How Microfibres are Polluting our Oceans

How Plastic Microfibres are Polluting our Oceans

We have been told many times about the pollution crisis in our oceans, lakes, and waterways. Plastic products such as one-use water bottles and grocery bags have long contributed to this dilemma. However, another source of the problem that might surprise you would be our clothing as well.

Synthetic fibres like polyester, nylon and acrylic, are considered to be forms of plastic and is widely used in the textile and fashion industry today. According to the World Apparel Fibre Consumption Survey, synthetic fibres account for 60% of the fabrication that is used in our clothes worldwide. I think we can all agree that this number amounts to a lot of garments. Every one of those items gets laundered multiple times by its wearer, and tiny microfibres release into our water supply with every wash.

How do microfibres get released?

Plastic Tshirt Polluting Microfibres in Oceans


Think about how lint gets collected in your dryer where loose fibres and threads from your garments get captured by a mesh screen. Microfibres that come off when being laundered are no different at all, but they are so much smaller, which makes catching them an almost impossible task.

Every time we wash a synthetic garment, about 1,900 individual microfibres are released into our water streams, making their way into our oceans. It is estimated there is a minimum of 5.25 trillion plastic particles, weighing 270,000 tons, floating in the worlds' oceans.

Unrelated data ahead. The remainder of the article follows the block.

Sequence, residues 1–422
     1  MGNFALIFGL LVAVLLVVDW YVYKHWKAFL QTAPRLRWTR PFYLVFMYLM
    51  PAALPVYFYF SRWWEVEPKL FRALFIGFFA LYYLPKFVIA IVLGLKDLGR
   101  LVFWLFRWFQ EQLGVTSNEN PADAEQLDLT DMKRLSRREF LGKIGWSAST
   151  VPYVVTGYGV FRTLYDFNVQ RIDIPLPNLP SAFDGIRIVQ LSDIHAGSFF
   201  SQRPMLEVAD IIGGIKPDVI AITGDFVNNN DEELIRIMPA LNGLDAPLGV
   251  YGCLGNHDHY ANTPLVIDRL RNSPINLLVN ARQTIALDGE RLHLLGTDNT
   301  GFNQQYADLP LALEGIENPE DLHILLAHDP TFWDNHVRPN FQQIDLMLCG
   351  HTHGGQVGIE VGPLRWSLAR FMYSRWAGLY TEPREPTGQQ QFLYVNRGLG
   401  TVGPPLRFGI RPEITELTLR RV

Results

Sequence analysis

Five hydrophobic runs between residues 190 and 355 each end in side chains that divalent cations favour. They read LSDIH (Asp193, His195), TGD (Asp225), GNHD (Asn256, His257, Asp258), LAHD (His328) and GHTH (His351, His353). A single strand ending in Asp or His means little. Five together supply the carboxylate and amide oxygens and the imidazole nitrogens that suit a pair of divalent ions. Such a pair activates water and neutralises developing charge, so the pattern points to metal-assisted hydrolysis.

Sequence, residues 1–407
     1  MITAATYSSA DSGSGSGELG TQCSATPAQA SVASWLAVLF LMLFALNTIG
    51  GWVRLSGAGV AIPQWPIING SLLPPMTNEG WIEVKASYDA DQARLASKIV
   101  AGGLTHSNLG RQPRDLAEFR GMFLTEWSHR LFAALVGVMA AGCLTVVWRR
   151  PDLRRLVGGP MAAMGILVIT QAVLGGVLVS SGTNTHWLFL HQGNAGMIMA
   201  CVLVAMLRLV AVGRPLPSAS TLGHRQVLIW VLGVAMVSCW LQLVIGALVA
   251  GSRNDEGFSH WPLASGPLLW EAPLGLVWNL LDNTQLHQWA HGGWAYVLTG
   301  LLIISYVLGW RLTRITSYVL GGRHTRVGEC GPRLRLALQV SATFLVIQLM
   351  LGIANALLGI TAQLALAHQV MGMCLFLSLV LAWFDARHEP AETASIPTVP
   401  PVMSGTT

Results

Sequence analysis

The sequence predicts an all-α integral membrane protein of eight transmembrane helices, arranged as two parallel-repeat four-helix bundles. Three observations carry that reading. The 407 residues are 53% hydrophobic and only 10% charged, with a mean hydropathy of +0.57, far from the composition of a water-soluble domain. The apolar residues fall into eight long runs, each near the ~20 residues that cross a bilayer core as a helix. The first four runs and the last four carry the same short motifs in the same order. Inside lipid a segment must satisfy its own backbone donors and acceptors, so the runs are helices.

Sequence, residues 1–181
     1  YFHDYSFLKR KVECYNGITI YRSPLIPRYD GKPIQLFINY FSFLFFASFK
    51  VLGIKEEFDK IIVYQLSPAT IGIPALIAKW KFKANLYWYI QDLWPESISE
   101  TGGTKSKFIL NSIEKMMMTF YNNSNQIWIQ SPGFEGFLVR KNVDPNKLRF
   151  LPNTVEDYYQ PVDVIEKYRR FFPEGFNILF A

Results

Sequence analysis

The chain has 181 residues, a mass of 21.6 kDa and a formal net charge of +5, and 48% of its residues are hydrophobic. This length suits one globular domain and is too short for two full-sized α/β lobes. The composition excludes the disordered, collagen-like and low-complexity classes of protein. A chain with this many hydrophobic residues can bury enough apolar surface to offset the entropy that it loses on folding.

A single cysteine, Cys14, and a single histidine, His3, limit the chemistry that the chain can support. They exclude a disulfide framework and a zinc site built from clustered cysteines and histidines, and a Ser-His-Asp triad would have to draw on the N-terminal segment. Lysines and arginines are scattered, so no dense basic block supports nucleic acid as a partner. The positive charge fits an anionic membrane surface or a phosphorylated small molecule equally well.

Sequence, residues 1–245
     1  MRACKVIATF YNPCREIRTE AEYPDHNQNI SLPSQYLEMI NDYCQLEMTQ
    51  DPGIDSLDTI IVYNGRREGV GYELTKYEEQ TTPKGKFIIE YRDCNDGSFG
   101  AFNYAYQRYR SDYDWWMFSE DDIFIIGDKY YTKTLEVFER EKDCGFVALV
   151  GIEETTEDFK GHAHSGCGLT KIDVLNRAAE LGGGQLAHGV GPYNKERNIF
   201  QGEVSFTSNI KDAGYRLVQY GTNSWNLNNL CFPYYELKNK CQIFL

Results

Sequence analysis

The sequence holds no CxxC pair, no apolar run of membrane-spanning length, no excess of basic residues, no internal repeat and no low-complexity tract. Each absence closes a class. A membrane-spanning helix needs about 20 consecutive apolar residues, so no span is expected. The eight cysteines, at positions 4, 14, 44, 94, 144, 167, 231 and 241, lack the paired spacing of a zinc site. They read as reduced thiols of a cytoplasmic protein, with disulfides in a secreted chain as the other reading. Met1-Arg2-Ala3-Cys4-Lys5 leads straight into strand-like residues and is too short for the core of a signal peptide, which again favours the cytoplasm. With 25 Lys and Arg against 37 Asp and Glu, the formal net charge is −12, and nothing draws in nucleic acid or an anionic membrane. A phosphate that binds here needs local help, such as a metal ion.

A large number of microfibres and microplastics filter through the wastewater management system. Still, with the large amount of water that these plants manage, the remaining microfibres that make it through to the ocean will accumulate over time. These tiny plastic particles are finding their ways into aquatic life, birds, soil, and even our bodies. A recent study showed that 73% of fish caught in the Northwest Atlantic ocean had microplastics in their stomachs.

How can we be part of the solution?

Still, there does not seem to be a clear cut solution to the microfibres problem until steps are made towards including fibre filtration in newly designed washing machines. In the meantime, consumers can make a conscious effort to purchase clothing using sustainable fabrics and launder their clothing infrequently as possible.

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